Tradition Type II Marine Sanitation Devices – is common in most cargo ships wherein sewage is treated using biological treatments and chlorination. However, many cruise ships do not make use of biological treatments for sewage but chlorination and maceration. The system also includes the removal of biochemical oxygen demand and some nutrients through aerobic biological treatment, clarification and filtration for the removal of solids, chlorine disinfection for the destruction of pathogens and screening for the removal of grit and debris.
Advanced Wastewater Treatment Systems – are designed to result into effluent discharges of high quality and purity that surpasses the standards for secondary and tertiary effluents and reclaimed water. However, advanced marine sewage treatment systems are still at the development stage but they generally provide improved screening, biological treatments, solid separation through flotation and filtration and disinfection using ultraviolet light. Some of the systems are tailored for any ship size and carries out sterilization of the treated effluent through chlorination, UV treatment or both to provide flexibility during operation under different maritime operations.
Comparisons of marine sewage treatment systems
Most of the traditional types of sewage treatment operate on vessels with errors because they have only been installed on the later part of the system before its arrival to port. There is usually a reduction in bio-sludge, over chlorination or disruption by the intermittent flow that is common to ship life. Advanced marine sewage treatment systems are offered by different companies and they are generally more complex but produce better results in effluent quality. These advanced systems are typically found in cruise ships with large amounts of wastewater and sewage. Most of the are currently improving their technologies and developing new systems to reduce pollutants like heavy metals, nutrients, phosphorus and nitrogen from polluting the marine environment.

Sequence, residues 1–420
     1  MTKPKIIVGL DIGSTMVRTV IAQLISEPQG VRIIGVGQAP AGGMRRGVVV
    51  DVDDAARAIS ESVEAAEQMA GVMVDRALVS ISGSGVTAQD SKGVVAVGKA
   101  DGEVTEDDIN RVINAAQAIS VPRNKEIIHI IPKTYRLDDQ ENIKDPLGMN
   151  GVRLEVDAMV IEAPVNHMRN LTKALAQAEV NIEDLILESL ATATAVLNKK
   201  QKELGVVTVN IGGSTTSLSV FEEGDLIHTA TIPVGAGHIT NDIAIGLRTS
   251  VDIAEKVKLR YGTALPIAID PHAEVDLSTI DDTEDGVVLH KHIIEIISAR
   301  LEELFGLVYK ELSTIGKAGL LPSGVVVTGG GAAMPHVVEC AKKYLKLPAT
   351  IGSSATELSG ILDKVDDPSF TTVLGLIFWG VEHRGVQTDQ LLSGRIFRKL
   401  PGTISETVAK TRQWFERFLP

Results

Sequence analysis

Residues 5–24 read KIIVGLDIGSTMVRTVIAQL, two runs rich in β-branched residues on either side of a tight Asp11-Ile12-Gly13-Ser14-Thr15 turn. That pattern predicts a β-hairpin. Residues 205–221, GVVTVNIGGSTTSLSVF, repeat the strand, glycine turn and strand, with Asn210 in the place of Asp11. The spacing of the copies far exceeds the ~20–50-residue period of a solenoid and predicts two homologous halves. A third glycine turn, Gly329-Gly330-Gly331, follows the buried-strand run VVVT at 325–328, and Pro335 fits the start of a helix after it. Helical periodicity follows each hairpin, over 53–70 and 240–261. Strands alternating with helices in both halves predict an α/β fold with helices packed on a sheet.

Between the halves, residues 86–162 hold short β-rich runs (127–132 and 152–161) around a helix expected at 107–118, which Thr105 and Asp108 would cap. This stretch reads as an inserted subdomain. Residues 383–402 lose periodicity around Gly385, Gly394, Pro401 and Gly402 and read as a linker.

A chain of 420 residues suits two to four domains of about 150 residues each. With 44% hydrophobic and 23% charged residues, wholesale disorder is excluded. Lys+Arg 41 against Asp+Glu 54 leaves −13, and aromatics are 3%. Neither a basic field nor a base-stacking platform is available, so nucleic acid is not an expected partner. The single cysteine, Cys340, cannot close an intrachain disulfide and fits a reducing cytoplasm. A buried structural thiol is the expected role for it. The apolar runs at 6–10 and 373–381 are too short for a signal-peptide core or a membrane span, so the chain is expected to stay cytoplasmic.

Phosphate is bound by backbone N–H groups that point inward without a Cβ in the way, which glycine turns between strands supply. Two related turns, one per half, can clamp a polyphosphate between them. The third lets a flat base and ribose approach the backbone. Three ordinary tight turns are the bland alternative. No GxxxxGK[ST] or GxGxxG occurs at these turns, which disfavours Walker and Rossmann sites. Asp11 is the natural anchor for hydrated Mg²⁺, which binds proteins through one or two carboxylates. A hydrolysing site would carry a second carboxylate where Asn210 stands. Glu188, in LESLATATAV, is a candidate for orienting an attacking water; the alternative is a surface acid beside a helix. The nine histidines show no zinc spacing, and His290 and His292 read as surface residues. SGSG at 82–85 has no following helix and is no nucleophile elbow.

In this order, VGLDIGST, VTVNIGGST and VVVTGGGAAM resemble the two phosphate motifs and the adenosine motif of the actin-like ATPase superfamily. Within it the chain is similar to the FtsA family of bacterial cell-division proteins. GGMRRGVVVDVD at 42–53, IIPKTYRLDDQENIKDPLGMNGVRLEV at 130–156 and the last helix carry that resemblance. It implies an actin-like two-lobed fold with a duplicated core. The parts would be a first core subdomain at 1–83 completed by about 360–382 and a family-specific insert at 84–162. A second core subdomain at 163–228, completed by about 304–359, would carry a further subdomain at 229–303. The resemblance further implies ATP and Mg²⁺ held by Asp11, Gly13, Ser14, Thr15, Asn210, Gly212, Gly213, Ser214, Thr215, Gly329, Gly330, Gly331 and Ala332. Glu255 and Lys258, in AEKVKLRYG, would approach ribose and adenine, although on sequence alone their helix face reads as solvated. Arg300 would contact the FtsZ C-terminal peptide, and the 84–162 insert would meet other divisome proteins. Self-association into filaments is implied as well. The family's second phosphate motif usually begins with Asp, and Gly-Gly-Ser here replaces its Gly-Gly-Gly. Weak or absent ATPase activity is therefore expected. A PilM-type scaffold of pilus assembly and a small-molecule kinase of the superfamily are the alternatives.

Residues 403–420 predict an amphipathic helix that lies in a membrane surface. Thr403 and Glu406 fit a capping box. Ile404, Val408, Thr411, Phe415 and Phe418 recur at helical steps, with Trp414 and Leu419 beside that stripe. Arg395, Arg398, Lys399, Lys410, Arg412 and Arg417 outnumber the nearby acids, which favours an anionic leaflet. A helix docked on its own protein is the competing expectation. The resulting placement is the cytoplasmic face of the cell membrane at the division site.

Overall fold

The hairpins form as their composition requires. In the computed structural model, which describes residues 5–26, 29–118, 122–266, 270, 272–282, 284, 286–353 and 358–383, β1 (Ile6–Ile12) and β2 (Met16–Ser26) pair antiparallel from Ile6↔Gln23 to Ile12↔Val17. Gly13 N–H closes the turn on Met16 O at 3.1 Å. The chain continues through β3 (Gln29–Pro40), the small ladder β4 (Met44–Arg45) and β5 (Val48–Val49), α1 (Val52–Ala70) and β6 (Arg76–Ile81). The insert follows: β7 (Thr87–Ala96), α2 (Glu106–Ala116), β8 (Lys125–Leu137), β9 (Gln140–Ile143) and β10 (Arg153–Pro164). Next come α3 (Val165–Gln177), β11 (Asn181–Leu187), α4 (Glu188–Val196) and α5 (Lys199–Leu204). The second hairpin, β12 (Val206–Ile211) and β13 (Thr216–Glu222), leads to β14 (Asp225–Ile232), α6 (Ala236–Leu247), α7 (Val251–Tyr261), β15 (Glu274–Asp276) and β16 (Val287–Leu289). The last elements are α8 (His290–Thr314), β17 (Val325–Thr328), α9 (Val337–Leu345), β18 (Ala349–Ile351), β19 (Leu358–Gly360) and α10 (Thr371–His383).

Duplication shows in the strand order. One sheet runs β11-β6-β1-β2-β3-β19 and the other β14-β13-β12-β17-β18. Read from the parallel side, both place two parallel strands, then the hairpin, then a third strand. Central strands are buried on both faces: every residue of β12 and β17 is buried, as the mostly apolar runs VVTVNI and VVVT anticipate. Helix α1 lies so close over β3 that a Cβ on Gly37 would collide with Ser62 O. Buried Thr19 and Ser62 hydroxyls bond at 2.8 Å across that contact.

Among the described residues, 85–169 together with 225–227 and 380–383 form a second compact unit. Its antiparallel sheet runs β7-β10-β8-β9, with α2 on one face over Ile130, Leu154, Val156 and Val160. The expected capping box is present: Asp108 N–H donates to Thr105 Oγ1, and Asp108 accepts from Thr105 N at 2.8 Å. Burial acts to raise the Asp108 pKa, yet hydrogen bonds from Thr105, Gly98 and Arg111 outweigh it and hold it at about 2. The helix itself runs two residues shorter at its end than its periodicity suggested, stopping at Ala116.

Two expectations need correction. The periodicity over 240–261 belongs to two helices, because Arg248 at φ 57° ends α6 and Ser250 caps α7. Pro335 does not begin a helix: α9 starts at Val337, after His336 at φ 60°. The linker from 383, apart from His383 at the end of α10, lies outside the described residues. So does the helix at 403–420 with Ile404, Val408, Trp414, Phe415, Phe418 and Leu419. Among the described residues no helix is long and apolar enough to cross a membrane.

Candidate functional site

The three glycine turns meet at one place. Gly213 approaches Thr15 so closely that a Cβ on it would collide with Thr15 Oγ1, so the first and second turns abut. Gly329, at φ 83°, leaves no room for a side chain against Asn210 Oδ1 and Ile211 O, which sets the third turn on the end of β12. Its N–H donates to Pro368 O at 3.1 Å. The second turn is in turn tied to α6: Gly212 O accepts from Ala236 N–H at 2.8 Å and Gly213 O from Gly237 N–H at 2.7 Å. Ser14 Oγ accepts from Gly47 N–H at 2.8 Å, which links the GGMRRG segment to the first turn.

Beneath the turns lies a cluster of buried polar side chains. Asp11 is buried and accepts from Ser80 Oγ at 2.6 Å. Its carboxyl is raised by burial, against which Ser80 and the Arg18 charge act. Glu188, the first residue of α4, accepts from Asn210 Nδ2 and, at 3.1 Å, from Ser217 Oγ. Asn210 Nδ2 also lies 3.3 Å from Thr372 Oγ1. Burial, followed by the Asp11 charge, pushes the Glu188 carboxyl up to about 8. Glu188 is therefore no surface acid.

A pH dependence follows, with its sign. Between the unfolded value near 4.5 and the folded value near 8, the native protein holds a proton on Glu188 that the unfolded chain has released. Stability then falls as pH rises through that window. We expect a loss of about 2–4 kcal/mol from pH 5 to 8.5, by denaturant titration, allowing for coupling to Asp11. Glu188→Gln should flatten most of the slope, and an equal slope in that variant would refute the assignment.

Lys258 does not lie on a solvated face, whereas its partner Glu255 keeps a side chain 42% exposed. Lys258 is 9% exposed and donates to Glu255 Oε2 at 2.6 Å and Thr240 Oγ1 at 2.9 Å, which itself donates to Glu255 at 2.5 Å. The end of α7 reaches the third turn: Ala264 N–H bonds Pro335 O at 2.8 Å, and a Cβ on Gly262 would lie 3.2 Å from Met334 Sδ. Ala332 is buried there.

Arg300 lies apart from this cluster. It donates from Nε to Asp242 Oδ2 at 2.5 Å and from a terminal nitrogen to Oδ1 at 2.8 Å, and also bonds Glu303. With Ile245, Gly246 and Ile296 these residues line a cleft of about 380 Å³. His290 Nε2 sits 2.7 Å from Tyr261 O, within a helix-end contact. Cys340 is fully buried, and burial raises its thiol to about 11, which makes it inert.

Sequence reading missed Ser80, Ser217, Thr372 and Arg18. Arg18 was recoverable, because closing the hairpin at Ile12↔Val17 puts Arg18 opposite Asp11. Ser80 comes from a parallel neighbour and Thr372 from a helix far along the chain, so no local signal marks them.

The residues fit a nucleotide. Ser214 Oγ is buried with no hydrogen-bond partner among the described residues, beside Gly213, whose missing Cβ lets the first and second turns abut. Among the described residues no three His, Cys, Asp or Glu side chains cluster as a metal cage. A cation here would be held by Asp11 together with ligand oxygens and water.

The impact of sewage on marine environment
The adverse effects of sewage on marine environment are well documented in coastal areas. One of the sources of sewage pollution is uncontrolled discharges from recreational craft that converge in numbers closer to inshore. In spite of the fact that most of these recreational crafts are fitted with holding tanks, their effectiveness is often dependent on the availability of inshore disposal facilities. The availability of inshore disposal facilities is not too common but many harbors are now realizing the importance of providing these facilities to reduce oxygen depletion and diseases-causing bacteria on the waters.